# Idempotent correspondence principle

A heuristic principle in idempotent analysis. It states that there is a correspondence between important, useful and interesting constructions and results over the field of real (or complex) numbers and similar constructions and results over idempotent semi-rings (cf. Idempotent semi-ring) in the spirit of N. Bohr's correspondence principle in quantum mechanics. The field of real numbers and other fields can be treated as "quantum objects" with respect to idempotent semi-rings; so, idempotent semi-rings can be treated as "classical" or "semi-classical" objects and as results of a "dequantization" of these quantum objects. The correspondence principle is a powerful tool for applying unexpected analogies and ideas borrowed from different areas of mathematics and theoretical physics [a1], [a2].

For example, the well-known superposition principle in quantum theory corresponds to the idempotent correspondence principle in idempotent analysis; this means that the Hamilton–Jacobi equation (cf. also Hamilton–Jacobi theory) and the Bellman equation (and its generalizations) are linear over appropriate semi-rings; see, e.g., [a3]. There is a natural analogy between idempotent measures and probability measures (cf. also Probability measure). This analogy leads to a parallelism between probability theory and stochastic processes (cf. Stochastic process) on the one hand, and optimization theory and decision processes on the other hand (cf. also Decision problem). That is why it is possible to develop optimization theory at the same level of generality as probability theory and the theory of stochastic processes. In particular, the Markov causality principle corresponds to the Bellman optimality principle; so the Bellman equation is an idempotent version of the Kolmogorov–Chapman equation for Markov stochastic processes (see, e.g., [a4] and Markov process). The well-known Legendre transform is an idempotent version of the usual Fourier transform. There are many other examples of this type (see [a1]–[a3] and Idempotent analysis).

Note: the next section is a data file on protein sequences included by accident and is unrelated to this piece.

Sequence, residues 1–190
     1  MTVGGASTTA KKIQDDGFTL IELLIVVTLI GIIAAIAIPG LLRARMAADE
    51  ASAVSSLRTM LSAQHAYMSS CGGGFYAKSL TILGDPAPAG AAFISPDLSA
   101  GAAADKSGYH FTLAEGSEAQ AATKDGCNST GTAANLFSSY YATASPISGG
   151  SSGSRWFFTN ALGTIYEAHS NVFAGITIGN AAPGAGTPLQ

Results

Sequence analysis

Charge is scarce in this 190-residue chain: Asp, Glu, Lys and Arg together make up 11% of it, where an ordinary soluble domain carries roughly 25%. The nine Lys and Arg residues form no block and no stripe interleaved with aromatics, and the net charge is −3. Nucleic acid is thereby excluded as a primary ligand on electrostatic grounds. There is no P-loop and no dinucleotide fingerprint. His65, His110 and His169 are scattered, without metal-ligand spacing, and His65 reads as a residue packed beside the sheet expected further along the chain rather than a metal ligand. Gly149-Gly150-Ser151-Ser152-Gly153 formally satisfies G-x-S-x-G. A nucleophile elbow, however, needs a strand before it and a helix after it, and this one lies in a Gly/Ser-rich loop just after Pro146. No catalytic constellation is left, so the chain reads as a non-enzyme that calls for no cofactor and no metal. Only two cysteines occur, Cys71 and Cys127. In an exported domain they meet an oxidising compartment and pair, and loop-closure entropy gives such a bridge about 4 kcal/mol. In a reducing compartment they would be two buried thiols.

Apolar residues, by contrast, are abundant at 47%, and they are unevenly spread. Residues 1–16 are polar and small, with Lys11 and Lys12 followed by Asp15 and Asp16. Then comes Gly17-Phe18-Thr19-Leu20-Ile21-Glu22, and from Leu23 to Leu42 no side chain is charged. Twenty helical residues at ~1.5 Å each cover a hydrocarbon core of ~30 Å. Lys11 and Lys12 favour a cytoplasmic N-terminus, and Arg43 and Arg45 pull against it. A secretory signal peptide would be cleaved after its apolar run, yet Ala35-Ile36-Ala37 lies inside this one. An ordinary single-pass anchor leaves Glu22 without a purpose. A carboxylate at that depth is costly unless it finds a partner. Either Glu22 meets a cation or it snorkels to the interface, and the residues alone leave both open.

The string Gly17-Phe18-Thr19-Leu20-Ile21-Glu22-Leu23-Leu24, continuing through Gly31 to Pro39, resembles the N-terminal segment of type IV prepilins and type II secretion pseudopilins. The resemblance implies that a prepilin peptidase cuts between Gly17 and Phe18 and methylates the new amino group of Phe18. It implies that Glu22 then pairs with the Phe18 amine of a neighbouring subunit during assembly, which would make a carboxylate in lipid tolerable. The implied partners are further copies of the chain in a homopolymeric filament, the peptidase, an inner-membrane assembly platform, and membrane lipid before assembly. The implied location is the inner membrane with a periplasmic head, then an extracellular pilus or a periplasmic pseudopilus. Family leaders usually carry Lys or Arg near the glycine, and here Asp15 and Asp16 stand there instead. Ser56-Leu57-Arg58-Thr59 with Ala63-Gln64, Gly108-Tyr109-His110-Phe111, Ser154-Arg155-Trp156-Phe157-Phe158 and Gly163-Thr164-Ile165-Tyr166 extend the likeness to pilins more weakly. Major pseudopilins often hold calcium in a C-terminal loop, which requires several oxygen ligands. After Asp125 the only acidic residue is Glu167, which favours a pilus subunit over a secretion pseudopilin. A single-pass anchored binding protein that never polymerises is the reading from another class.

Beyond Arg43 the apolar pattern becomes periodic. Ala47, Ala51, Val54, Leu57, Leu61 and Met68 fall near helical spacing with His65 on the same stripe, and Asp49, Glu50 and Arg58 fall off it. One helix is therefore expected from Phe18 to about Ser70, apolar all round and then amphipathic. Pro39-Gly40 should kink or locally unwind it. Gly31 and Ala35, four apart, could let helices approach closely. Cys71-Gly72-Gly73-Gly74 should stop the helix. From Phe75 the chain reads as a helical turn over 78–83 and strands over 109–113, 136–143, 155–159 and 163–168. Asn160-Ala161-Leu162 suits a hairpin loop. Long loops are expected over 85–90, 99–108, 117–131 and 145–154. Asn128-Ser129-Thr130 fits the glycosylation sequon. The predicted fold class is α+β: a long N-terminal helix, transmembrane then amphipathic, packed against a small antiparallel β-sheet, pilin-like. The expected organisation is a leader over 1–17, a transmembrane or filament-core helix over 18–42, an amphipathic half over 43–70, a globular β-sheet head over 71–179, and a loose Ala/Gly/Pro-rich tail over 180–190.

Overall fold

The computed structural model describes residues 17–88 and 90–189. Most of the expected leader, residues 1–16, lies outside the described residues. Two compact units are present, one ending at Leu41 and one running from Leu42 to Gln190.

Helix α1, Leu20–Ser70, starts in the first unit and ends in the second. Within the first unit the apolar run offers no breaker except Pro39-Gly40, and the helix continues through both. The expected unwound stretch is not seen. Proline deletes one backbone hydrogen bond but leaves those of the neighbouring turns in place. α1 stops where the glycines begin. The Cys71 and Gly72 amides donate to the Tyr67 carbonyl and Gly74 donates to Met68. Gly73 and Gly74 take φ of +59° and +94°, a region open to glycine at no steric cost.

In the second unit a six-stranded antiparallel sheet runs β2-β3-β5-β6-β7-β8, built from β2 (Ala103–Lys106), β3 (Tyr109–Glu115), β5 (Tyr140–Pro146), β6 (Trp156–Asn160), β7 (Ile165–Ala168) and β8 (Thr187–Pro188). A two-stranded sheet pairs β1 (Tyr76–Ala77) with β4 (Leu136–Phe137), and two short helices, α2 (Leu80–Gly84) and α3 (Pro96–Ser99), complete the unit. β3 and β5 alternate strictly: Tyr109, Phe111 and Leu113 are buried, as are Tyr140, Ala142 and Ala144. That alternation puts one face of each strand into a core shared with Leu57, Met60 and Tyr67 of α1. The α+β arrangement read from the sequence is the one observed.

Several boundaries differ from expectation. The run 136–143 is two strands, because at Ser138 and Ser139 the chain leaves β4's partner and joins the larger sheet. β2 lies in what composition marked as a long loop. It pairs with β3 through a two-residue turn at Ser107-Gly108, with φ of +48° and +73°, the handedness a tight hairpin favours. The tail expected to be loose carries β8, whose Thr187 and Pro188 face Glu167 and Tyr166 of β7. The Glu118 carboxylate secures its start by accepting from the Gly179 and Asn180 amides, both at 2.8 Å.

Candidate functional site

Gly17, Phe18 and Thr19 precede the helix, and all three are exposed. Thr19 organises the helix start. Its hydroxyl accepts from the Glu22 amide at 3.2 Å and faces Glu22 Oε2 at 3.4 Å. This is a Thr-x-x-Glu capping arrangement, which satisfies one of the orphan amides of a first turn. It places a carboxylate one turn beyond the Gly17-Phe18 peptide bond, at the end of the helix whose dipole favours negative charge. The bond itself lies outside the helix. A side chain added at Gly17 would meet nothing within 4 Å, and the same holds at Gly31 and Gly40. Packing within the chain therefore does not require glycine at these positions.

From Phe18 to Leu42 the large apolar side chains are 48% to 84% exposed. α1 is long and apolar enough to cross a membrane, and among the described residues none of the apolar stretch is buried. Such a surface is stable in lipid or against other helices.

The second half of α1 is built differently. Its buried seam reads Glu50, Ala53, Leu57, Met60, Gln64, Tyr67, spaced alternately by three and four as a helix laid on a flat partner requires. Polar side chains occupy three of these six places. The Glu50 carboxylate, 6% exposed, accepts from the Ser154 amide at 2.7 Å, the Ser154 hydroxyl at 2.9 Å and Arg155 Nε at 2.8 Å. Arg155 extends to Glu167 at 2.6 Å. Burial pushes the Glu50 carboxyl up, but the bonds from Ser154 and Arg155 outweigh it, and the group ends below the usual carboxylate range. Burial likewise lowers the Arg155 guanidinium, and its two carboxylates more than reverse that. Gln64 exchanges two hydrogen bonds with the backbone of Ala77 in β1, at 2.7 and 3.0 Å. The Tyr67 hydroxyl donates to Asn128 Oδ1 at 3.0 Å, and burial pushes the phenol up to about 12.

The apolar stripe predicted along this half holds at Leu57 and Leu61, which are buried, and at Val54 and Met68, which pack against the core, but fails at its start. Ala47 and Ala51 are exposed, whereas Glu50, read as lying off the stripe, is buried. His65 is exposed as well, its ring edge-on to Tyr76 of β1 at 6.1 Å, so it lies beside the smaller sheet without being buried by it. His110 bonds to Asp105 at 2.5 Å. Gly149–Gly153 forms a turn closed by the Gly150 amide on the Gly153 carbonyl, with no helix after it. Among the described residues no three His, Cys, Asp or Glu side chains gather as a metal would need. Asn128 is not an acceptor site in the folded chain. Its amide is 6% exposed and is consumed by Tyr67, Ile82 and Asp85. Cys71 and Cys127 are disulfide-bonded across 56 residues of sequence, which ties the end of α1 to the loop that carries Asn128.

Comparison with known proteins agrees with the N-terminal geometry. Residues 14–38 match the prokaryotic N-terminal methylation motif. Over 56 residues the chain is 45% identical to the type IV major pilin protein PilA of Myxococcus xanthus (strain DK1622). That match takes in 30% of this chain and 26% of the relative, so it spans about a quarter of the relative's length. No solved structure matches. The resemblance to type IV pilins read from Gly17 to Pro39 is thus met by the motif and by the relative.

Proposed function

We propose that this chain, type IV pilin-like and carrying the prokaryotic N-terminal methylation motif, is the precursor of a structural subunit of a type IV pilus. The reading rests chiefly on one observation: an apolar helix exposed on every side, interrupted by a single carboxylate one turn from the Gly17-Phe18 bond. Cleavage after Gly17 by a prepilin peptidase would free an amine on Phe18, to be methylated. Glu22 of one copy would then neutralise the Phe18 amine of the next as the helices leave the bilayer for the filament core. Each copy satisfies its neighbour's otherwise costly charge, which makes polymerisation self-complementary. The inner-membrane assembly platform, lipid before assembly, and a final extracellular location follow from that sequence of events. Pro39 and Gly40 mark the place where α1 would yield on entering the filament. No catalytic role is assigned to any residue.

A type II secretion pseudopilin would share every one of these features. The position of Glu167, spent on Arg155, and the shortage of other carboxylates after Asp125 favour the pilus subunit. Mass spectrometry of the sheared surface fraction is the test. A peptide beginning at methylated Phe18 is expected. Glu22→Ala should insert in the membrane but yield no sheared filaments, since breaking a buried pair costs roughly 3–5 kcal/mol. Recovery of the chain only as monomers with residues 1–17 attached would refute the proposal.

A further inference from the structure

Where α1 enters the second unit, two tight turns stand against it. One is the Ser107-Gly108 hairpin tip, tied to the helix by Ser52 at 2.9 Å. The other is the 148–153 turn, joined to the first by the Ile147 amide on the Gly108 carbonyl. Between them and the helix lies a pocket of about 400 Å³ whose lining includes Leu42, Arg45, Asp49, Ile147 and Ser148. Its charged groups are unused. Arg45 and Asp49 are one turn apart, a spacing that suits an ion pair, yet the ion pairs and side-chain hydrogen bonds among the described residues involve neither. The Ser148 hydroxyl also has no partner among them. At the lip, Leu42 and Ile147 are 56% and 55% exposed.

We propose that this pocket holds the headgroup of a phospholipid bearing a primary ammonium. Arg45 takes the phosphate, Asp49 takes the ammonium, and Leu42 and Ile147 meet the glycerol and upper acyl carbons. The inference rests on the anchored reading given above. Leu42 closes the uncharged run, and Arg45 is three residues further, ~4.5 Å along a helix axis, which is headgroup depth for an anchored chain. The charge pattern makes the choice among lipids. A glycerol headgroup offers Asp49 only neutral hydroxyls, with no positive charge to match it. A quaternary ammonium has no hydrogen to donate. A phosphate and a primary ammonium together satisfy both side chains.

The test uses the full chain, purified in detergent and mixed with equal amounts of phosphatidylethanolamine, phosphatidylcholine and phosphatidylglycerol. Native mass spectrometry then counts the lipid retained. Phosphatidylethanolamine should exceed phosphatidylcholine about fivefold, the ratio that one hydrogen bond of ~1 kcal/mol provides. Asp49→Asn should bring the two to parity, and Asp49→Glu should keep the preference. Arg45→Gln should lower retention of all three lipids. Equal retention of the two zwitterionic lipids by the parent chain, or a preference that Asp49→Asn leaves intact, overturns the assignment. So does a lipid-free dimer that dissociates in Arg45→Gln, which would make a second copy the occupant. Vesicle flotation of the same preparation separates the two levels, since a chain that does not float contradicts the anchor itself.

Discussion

The idempotent correspondence principle is also valid for algorithms and their software and hardware implementations (cf. Idempotent algorithm).

#### References

[a1] | G.L. Litvinov, V.P. Maslov, "Correspondence principle for idempotent calculus and some computer applications" J. Gunawardena (ed.) , Idempotency, Publ. Isaac Newton Institute 11, Cambridge Univ. Press (1998) ISBN 0-521-55344-X pp.420-443 Zbl 0897.68050 |

[a2] | G.L. Litvinov, V.P. Maslov, "Idempotent mathematics: correspondence principle and applications" Russian J. Math. Phys. , 4 : 4 (1996) (In Russian) |

[a3] | V.N. Kolokoltsov, V.P. Maslov, "Idempotent analysis and applications" , Kluwer Acad. Publ. (1996) (In Russian) |

[a4] | P. Del Moral, "A survey of Maslov optimization theory" V.N. Kolokoltsov (ed.) V.P. Maslov (ed.) , Idempotent analysis and applications , Kluwer Acad. Publ. (1996) pp. Appendix (In Russian) |

**How to Cite This Entry:**

Idempotent correspondence principle.

*Encyclopedia of Mathematics.*URL: http://encyclopediaofmath.org/index.php?title=Idempotent_correspondence_principle&oldid=38923